Would the chant “We are the 75 percent” draw as much attention as “We are the 99 percent”? There has been so much written about the Occupy Wall Street movement and the vilified top 1 percent of income earners. But what if we considered the top 25 percenters?
Who are these people? Where do they live? What do they do? And most importantly, are they paying their fair share? Per the Bureau of Labor Statistics, these folks are everywhere and represent 189 different occupational titles! Yes, they’re lawyers, doctors, CEOs, and CFOs. But they are also nurses, scientists, accountants, policemen, firemen, fashion designers, computer software analysts, healthcare practitioners, engineers, sales representatives, human resource managers, technical writers, teachers, and art directors, just to name a few.
The top 25 percent is comprised of 48.8 million people, according to the U.S. Department of Labor. They’re your neighbors, they have kids that they are trying to get through college, they pay a monthly mortgage, and they work a full 40-plus hour week.
According to the IRS, anyone who makes over $66,193 is in the top 25 percent of all income earners in the U.S., and they pay 87 percent of all income taxes. The IRS breaks down the tax statistics into the following categories: The top 1 percent pay 37 percent of taxes; the top 10 percent pay 70 percent of taxes; and the top 50 percent pay 98 percent of taxes.
We all know that there are very few guarantees in life. However, one common similarity among those occupations in the top 25 percent is that many of the jobs require a college degree. Consider the following survey statistics from the U.S. census data: Adults with a college degree earn an average of $51,554, as compared to $28,645 for those with only a high school diploma.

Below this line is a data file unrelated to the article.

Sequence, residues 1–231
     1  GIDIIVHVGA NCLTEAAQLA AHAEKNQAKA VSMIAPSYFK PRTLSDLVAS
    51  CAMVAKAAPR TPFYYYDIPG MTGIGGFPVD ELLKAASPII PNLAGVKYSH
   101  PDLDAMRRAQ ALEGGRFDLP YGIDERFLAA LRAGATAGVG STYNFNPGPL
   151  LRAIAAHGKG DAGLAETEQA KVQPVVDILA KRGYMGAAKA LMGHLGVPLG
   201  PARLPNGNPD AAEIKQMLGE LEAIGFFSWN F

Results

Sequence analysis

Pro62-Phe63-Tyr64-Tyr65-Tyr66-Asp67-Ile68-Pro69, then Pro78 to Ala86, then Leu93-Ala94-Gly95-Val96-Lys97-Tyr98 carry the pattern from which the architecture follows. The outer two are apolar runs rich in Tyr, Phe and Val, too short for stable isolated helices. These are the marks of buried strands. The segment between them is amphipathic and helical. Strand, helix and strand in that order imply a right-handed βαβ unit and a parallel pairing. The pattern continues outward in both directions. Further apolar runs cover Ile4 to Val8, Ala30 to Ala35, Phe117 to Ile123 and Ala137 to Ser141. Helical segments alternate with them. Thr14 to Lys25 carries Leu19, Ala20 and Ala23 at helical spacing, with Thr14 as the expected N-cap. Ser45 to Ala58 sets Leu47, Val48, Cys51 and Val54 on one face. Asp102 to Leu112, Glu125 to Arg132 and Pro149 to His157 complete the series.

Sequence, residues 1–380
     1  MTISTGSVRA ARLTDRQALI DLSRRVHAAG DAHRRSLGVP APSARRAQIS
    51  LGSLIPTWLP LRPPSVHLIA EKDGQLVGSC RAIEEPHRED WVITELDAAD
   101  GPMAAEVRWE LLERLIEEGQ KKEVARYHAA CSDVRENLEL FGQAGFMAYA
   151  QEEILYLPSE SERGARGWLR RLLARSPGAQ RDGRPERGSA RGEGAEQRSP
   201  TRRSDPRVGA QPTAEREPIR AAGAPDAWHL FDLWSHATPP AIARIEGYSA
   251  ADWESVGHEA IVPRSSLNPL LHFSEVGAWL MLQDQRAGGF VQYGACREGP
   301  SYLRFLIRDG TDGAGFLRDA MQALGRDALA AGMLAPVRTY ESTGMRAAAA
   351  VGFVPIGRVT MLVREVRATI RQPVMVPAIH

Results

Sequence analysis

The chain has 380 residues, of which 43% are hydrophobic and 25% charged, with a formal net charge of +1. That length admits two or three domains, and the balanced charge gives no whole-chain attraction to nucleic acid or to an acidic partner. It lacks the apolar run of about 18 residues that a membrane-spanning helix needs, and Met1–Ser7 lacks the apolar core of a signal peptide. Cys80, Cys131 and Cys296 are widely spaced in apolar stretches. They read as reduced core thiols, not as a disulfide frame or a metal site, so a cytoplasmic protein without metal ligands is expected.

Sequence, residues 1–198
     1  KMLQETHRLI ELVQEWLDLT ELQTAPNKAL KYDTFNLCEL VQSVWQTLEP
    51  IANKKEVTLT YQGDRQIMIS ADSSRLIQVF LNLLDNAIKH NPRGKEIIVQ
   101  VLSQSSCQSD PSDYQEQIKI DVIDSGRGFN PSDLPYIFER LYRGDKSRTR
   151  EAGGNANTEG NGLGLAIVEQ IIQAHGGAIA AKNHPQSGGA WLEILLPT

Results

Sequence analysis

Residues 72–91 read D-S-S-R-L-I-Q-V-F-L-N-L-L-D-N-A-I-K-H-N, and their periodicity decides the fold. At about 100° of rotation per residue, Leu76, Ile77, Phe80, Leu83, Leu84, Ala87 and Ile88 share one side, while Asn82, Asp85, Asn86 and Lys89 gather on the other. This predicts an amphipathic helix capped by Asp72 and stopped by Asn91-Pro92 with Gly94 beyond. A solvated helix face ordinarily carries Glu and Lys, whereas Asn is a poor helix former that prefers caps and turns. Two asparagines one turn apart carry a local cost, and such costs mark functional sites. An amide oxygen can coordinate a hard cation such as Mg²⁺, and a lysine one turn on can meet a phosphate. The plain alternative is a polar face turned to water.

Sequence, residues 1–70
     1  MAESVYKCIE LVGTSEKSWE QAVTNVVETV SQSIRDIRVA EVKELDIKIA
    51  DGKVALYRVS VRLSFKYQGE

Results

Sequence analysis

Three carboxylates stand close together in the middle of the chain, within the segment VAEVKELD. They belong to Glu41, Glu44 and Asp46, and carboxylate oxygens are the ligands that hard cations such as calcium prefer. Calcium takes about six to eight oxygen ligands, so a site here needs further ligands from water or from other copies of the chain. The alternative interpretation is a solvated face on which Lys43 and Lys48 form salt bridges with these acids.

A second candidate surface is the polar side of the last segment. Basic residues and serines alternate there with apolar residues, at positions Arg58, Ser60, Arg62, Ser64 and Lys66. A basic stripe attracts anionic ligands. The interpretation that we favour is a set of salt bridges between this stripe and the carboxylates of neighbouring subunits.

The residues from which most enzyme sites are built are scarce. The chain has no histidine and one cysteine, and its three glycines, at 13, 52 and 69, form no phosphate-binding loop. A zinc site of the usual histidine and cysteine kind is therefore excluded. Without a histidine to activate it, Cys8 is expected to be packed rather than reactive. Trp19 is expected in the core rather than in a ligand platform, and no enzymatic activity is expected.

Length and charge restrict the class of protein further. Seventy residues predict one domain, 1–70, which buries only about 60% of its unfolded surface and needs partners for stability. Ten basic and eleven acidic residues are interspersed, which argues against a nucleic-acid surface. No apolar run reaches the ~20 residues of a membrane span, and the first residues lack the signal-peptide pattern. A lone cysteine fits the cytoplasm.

The correlation between a college degree and those occupations in the top 25 percent is clear, but there are always exceptions, and having a college education does not ensure success. As financial planners and investment managers, we tend to work with entrepreneurs and small business people. The common similarity among them is a desire to move their enterprise forward and focus on efficiency, process, and planning. These traits do not guarantee success, but when combined with hard work, the outcome is often a good one.
Thomas Jefferson is rightly given much credit for emphasizing the importance of education in a democracy. He believed education for all to be a crucial part of the success of the "experiment" undertaken in 1776. Samuel Goldwyn, the film producer and movie executive, was quoted as saying, “The harder I work, the luckier I get.” The bottom line: Get your degree, work hard, and take advantage of luck when it comes your way!
Dean J. Catino, CFP®, CPRC, is a managing director and cofounder of Monument Wealth Management in Alexandria, VA., a full-service investment and wealth management firm. Monument Wealth Management is backed by LPL Financial, an independent broker-dealer. Securities and financial planning offered through LPL Financial, a Registered Investment Advisor, member FINRA/SIPC. Monument Wealth Management has been featured in several national media sources over the past several years. Follow Dean and Monument Wealth Management on their blog Off The Wall, on Twitter at @MonumentWealth and @DeanJCatino, and on their Facebook page. The opinions voiced in this material are for general information only and are not intended to provide specific advice or recommendations for individuals. To determine which investment is appropriate please consult your financial advisor prior to investing.